The S60’s standard front and rear disc brakes are vented to help dissipate heat for shorter stops with less fading. The rear discs on the K5 are solid, not vented.
For better traction, the S60 has larger tires than the K5 (235/45R18 vs. 205/65R16).
The S60’s standard tires provide better handling because they have a lower 45 series profile (height to width ratio) that provides a stiffer sidewall than the K5 LX/LXS’ standard 65 series tires.
For better ride, handling and brake cooling the S60 has standard 18-inch wheels. Smaller 16-inch wheels are standard on the K5 LX/LXS.
The S60 is 5.7 inches shorter than the K5, making the S60 easier to handle, maneuver and park in tight spaces.
To allow full utilization of available cargo room, the S60’s trunk lid uses concealed beam hinges that don’t intrude into the trunk. The K5’s useful trunk space is reduced by its intrusive beam hinge.
The S60’s standard rear seats fold to accommodate long and bulky cargo. The K5 LX doesn’t offer folding rear seats.
Pressing a switch automatically lowers the S60’s optional rear seats, to make changing between passengers and cargo easier. The K5 doesn’t offer automatic folding seats.
With its sedan body style, valet key, locking rear seatbacks and remote trunk release lockout, the S60 offers cargo security. The K5’s non-lockable folding seat defeats cargo security.
A standard locking glovebox (which can’t be accessed with the valet key) keeps your small valuables safer in the S60. The K5 doesn’t offer locking storage for small valuables.
To make loading and unloading groceries and cargo easier, especially for short adults, the S60 has a standard power trunk, which opens and closes automatically by pressing a button or just by kicking your foot under the back bumper, completely leaving your hands free. The K5 doesn’t offer a power trunk, so its trunk has to be closed manually.
Unlike the driver-only memory seat and mirrors optional at extra cost in the K5 EX/GT, the S60 R-Design/Inscription has a passenger memory, so that when drivers switch, the memory setting adjusts the driver’s seat and outside mirror angle and the front passenger seat also adjusts to the new passenger’s preset preferences.
The S60 offers an optional heads-up display that projects speed and navigation instruction readouts in front of the driver’s line of sight, allowing drivers to view information without diverting their eyes from the road. The K5 doesn’t offer a heads-up display.
The S60’s front and rear power windows all open or close fully with one touch of the switches, making it more convenient at drive-up windows and toll booths, or when talking with someone outside the car. The K5’s standard passenger windows don’t open or close automatically. With the K5 GT-Line/EX/GT’s power windows, only the front windows open or close automatically.
If the windows are left open on the S60 the driver can close them all at the outside door handle or from a distance using the remote. On a hot day the driver can lower the windows from a distance using the keyless remote. The driver of the K5 can only operate the windows from inside the vehicle, with the ignition on.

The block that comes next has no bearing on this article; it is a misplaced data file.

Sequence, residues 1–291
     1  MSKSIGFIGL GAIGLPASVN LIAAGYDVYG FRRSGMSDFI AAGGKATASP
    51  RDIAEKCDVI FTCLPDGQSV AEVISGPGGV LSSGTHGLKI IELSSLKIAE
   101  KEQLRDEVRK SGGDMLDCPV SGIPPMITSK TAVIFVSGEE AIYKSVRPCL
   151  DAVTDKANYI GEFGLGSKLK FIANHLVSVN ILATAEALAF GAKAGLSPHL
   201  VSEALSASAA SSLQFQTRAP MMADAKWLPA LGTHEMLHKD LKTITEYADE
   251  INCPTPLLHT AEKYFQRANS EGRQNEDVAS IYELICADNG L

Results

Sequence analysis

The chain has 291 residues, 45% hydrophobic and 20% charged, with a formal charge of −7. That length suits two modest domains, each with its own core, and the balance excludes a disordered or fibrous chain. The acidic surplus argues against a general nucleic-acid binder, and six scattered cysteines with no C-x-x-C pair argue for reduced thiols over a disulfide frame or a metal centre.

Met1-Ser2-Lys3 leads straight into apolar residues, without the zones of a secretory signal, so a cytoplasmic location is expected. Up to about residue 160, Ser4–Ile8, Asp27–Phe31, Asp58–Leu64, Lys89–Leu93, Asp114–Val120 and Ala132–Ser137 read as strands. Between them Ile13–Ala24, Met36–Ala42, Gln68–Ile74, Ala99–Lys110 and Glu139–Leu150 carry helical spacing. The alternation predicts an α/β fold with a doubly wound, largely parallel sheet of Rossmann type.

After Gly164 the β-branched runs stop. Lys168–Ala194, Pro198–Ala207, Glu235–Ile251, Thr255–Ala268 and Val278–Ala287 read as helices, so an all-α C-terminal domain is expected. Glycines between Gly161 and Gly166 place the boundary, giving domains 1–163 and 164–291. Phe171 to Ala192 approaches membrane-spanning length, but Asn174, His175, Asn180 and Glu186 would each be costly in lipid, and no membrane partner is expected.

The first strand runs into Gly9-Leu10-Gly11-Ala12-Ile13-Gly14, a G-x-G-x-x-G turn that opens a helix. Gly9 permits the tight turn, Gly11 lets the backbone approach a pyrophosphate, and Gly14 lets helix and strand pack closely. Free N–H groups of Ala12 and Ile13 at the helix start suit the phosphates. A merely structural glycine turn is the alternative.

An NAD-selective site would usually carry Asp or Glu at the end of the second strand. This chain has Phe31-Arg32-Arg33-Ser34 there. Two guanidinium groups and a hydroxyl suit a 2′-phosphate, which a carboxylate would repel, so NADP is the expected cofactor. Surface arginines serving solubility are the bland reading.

The S60’s rain-sensitive wipers adjust their speed and turn on and off automatically based on the amount of rainfall on the windshield. This allows the driver to concentrate on driving without constantly adjusting the wipers. The K5’s manually variable intermittent wipers have to be constantly adjusted.
Heated windshield washer nozzles are optional on the S60 to prevent washer fluid and nozzles from freezing and help continue to keep the windshield clear in sub-freezing temperatures. The K5 doesn’t offer heated windshield washer nozzles.
In poor weather, headlights can lose their effectiveness as grime builds up on their lenses. This can reduce visibility without the driver realizing. The S60 offers available headlight washers to keep headlight output high. The K5 doesn’t offer headlight washers.
To help drivers avoid possible obstacles, the S60 has standard cornering lights to illuminate around corners when the turn signals are activated. The K5 doesn’t offer cornering lights. The S60 also has standard adaptive headlights to illuminate around corners automatically by reading vehicle speed and steering wheel angle.
The S60’s standard rear and side view mirrors have an automatic dimming feature. These mirrors can be set to automatically darken quickly when headlights shine on them, keeping following vehicles from blinding or distracting the driver. The K5 offers an automatic rear view mirror, but its side mirrors don’t dim.
Both the S60 and the K5 offer available heated front seats. The S60 T6/Recharge also offers optional heated rear seats to keep those passengers extremely comfortable in the winter. Heated rear seats aren’t available in the K5.
The S60’s optional Park Assist Pilot can parallel park or back into a parking spot by itself, with the driver only controlling speed with the brake pedal. The K5 doesn’t offer an automated parking system.
© 1991-2018 Advanta-STAR Automotive Research. All rights reserved.